It was the best of times, it was the worst of times…
Sorry about that.
When it comes to the NBA and NHL, the hackneyed homage to Charles Dickens actually makes sense. One is enjoying a robust period of popularity and plenty of attention, while the other insists on doing things that take it further away from the mainstream. The last week has proven the point. While the NBA has bolted from the blocks with strong TV ratings, the NHL continues to bump into things with a lockout that has already resulted in the cancellation of hundreds of games and has torpedoed the league’s showpiece, the Winter Classic.
NBA TV’s broadcast of the Lakers-Blazers season-opening game resulted in the highest ratings the network has achieved for a regular-season contest. It was an early indication that the league’s winning streak is going to continue. Although professional basketball is in no danger of supplanting the NFL as America’s sporting religion, it has outdone Major League Baseball for five consecutive years in regular season, early-round playoffs and final round series TV numbers. Baseball may be the American pastime, but when it comes to creating compelling personalities and matching them in contests that capture the sporting public’s attention, it can’t touch the NBA.
Just look at what happened during the recent World Series. TV ratings (7.6) were the lowest ever. Meanwhile, last year’s NBA Finals pulled a 10.1, about 25% better than what baseball managed in the San Francisco sweep of Detroit. But this isn’t about baseball and basketball. It’s about how the NBA is moving forward, and the NHL is sliding – literally – away from relevance.
This has been a long time coming. For a couple decades now, the NHL has been slowly drifting toward niche sport status. Last year’s Stanley Cup final series between New Jersey and LA was the lowest rated since 2007, when only a few ice fishermen and the province of Ottawa watched Anaheim against the Senators. The NHL’s TV contract, with NBC and (primarily) NBC Sports Network doesn’t exactly guarantee the league maximum exposure. ESPN rarely shows a full menu of game highlights on SportsCenter, and there are great swaths of the U.S. that care little about the fastest game on ice.
Back in 1980, the NBA emerged from the dark ages of the ‘70s by focusing on the big personalities that had entered the league. By capitalizing on the charisma of Magic Johnson, Larry Bird and Julius Erving, the league created rivalries that were fascinating. When Michael Jordan joined the league in the middle of the decade, the NBA’s attraction was at an all-time high.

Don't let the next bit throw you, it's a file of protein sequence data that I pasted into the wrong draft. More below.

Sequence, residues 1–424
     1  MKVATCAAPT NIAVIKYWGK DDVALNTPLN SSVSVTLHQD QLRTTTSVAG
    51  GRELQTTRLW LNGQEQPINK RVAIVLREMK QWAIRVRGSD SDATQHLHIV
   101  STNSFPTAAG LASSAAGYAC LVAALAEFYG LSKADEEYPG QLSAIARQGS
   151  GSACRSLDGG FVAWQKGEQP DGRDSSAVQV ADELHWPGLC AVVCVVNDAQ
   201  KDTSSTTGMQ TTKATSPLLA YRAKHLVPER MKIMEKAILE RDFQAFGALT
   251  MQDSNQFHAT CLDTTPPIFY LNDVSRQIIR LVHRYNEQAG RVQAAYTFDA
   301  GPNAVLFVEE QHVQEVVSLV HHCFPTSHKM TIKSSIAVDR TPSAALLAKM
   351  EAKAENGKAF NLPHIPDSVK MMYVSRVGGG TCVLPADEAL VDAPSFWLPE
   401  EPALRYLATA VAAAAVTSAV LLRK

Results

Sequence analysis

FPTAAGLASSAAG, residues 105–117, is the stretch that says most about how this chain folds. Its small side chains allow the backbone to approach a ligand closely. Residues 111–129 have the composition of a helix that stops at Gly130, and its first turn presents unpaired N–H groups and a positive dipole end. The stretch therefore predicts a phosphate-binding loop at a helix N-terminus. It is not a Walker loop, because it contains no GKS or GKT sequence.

That model has been replicated in the 21st century with the emergence of LeBron James, Kevin Durant and Derrick Rose. They have joined more established stars like Kobe Bryant, Tim Duncan and Dwyane Wade to form a nexus of a star system that draws in viewers and fans. Sure, there are still some trouble spots (hello, Charlotte!), but the NBA has mastered the sale of standout players to its fan base and has broadcast partners willing to perpetuate that model. Compare the NBA’s relationships with ABC/ESPN and Turner with the NHL’s partnering with NBC. One grouping allows for a near-nightly presentation of game action, buttressed by ESPN’s daily onslaught of highlights and original programming that is capable of promoting the league consistently. The other pairing brings limited exposure and puts the NHL in direct competition with the entity capable of bringing it to a larger audience, ESPN.
Then, there is the lockout. It appears as if the NHL and its players have learned absolutely nothing from the dark 2004-05 season. By subjecting its fans to yet another maddening work stoppage, the league risks driving away any casual observers. Pitting commissioner Gary Bettman against NHLPA leader Donald Fehr, who made his bones leading baseball to the brink of disaster, is a recipe for catastrophe. Although talks have been held, and there is some hope that a resolution can be reached in the coming days or weeks, the NHL will not be welcomed back with the same enthusiasm as the NBA was last Christmas or the NFL was in the summer of 2011.
The most telling indication that the NHL will have a tough road back is that the media is hardly wringing its hands over this one. Why? Because the big dog, ESPN, has no stake in the game, and other media outlets are busy chronicling the NFL’s many storylines and jumping aboard the NBA train. Hockey lockout news barely warrants mention in the “Sports in Brief” section of the paper. When (if?) the NHL returns this year, it will have to build back to its previous level as a mid-major sport, without benefit of any momentum from a thrilling conclusion to last season. In other words, it’s probable the NHL could not have picked a worse time to shutter its arenas.
Meanwhile, the NBA rolls on, piling up the viewers and maximizing its media partnerships.
Talk about some good times.
Michael Bradley is a writer, broadcaster and teacher headquartered in suburban Philadelphia. His written work has appeared in Sporting News, ESPN the Magazine, Athlon Sports, Hoop and Slam, among others. He is a host on 97.5 the Fanatic in Philadelphia and contributes analysis for Yahoo! Sports Radio and Sirius Mad Dog Radio. He appears on CSNPhilly.com, writes a weekly column on Philadelphia Magazine’s “Philly Post” and has authored 26 books. He teaches sports journalism at Saint Joseph’s, Villanova and Neumann Universities.